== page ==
The House of Green
The use of greenhouses to grow plants has a long history. The cannabis industry is helping revolutionize them which is good for both the market and the environment.
While the dawn of the medical cannabis age began in California around 1996, the early 2000s saw the first of several green rushes that brought droves of budding growers to the hills of Northern California to try and stake a claim and strike it rich.
A majority of the sungrown herb from that era was full-season, traditional cannabis. A grower would plant outdoors in May and harvest in September or October, like farmers have for millennia. The small amount of greenhouses that was seen during this time was not really that much different from its full sungrown sisters.
But, around 2005, the first of a new type of greenhouse bud began to hit the shelves of dispensaries — bud that rivaled the density and potency of indoor. The era of light-deprivation (AKA “light dep”) had begun. As the light dep style of growing became more popular, the traditional long season use of greenhouses was almost entirely replaced. The current model that most growers follow is to grow one light dep crop planted in April or May and harvested in July/August. Some enterprising growers start and harvest even earlier, aided but supplemental lighting and heaters.
The use of greenhouses to grow plants has a storied history dating back to at least the Roman Empire. Early horticulturists planted vegetables on wheeled carts, rolling them out into the morning sun and housed them at night under primitive glass-roof enclosures. During the 1700s, the French grew oranges in glass-covered buildings. But it was the ever-inventive Dutch who first really mastered the greenhouse concept and continue to lead the way today. Holland produces millions of kilograms of vegetables and flowers a year, with structures that cover many acres and employ fully automated systems.
In the 1960s, U.S. agriculture saw a massive expansion of greenhouse technology when wider length sheets of polyethylene film became available and acted as a relatively less expensive covering than glass. Structures like hoop houses – basically bent steel or aluminum frames, which was later replaced by PVC tubing – first started to be used by flower and vegetable growers in mainstream agriculture.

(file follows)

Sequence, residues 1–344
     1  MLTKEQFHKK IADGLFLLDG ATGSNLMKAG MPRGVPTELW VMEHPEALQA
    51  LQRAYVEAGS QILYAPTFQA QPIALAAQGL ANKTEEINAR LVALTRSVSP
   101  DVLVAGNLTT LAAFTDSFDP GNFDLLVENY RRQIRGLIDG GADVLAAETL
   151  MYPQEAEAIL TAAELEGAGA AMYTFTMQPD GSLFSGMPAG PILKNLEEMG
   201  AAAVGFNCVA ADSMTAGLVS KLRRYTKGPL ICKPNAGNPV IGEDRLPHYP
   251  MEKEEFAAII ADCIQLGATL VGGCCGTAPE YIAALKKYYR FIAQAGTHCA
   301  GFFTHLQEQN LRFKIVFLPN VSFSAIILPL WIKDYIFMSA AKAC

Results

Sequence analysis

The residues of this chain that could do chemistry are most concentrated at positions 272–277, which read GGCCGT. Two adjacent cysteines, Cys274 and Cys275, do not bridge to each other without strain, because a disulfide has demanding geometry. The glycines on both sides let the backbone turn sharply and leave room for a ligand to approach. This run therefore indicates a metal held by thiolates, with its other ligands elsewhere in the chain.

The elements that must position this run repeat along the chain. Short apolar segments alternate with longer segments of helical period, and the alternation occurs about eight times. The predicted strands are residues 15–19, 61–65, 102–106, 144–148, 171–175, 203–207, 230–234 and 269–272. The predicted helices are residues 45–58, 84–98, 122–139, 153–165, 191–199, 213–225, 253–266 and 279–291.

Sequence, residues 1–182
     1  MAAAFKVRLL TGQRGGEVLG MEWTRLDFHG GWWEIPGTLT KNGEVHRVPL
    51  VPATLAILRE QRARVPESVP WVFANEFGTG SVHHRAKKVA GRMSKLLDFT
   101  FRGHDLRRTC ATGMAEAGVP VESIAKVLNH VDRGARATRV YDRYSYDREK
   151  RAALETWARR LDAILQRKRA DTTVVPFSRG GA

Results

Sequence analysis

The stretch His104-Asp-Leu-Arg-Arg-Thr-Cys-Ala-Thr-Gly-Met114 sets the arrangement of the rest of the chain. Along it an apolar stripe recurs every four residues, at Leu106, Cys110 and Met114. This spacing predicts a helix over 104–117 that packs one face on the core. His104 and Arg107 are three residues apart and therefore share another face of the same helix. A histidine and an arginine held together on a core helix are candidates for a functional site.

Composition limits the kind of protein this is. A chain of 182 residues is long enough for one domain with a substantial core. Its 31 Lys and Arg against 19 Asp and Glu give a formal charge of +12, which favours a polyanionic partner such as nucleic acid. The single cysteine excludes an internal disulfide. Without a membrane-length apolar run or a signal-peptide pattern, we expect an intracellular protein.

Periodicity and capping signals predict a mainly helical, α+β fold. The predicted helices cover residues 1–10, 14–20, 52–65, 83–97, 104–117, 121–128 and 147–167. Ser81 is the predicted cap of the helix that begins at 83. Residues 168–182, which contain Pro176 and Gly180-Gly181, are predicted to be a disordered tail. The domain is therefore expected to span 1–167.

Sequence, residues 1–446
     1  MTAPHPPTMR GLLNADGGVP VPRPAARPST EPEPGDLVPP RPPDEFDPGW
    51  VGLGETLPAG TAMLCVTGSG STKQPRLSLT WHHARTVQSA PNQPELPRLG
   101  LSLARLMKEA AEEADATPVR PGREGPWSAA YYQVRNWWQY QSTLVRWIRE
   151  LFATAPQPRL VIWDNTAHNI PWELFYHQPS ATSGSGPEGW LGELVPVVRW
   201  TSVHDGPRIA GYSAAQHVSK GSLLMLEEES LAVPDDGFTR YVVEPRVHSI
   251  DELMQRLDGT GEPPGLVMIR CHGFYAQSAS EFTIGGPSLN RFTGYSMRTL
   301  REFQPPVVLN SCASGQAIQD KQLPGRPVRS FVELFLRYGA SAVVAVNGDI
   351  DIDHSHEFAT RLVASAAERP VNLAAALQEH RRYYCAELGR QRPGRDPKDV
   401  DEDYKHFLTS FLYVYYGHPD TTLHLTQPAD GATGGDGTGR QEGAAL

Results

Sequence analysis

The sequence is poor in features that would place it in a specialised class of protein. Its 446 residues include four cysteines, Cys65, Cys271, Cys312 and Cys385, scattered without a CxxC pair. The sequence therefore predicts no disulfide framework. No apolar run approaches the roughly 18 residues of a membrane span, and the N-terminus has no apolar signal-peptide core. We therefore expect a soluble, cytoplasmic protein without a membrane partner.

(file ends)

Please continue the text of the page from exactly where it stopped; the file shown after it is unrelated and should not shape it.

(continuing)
Growing cannabis in greenhouses dates back to at least the early 1970s, although some enterprising souls might have been employing them earlier. Some will remember the scene in Cheech and Chong’s “Nice Dreams,” where the duo scores bud from a mad scientist who has a huge greenhouse masquerading as a swimming pool. Initially, most greenhouses were used in this way to avoid aerial detection of the massive, mostly landrace sativas that were being grown in the U.S.
As the intensity of the Campaign Against Marijuana Planting (CAMP) and other cannabis eradication operations increased, covert greenhouses had the reverse effect of calling attention to authorities rather than camouflaging against them. By the mid-1990s, very little commercially available cannabis was being grown in greenhouses, as growers were being driven deeper into the woods for cover. Cultivators were forced to hide their plants in small, widely scattered plots that yielded small and very expensive flowers. This was the era where ganja and gold brought the same price per pound at market.
Controlling the Environment
The first greenhouse light deps were almost exclusively of the hoop house style, ranging from 4 to 10 feet in height at center point and covered with polyethylene film, which allows light to penetrate, but protects the plants from wind, rain, critters and other unwanted elements.
There were several reasons why light dep greenhouse practices became popular. The primary upside was that now instead of having just one crop a year — a budgeting nightmare at best due to having all the year’s eggs in one basket — you could harvest twice per year between May and October. That way, if you had a disaster with one crop, you could still recover your investment with the second. Also, by growing smaller plants, the buds frequently came out looking more cosmetically appealing. Lastly, the grower could more closely control an enclosed, light-deprived environment, which meant a much better final product.
With this method, flowering can be induced whenever the grower chooses, as long as plants have reached a sufficient size to produce good buds. The only limiting factor to how early plants may be planted is temperature, which many cultivators deal with by heating their greenhouses. The crucial element in this style of light dep is the regularity of the light cycle. Cannabis reacts to dark, not light, and it’s for this reason that outdoor cannabis begins to flower as the days of summer shorten. The light dep method artificially induces flowering by covering the greenhouse with a dark black cloth. Cannabis plants are very sensitive — hardy but sensitive — and if the dark cycle varies by even a few minutes, it will affect the final product. Anyone using self-pulled blackout sheathing (as opposed to an automated system) has to be extremely rigorous about getting them covered at the same time every day. Also, the physical nature of pulling the covers on and off can be arduous. This was a problem aching for a solution.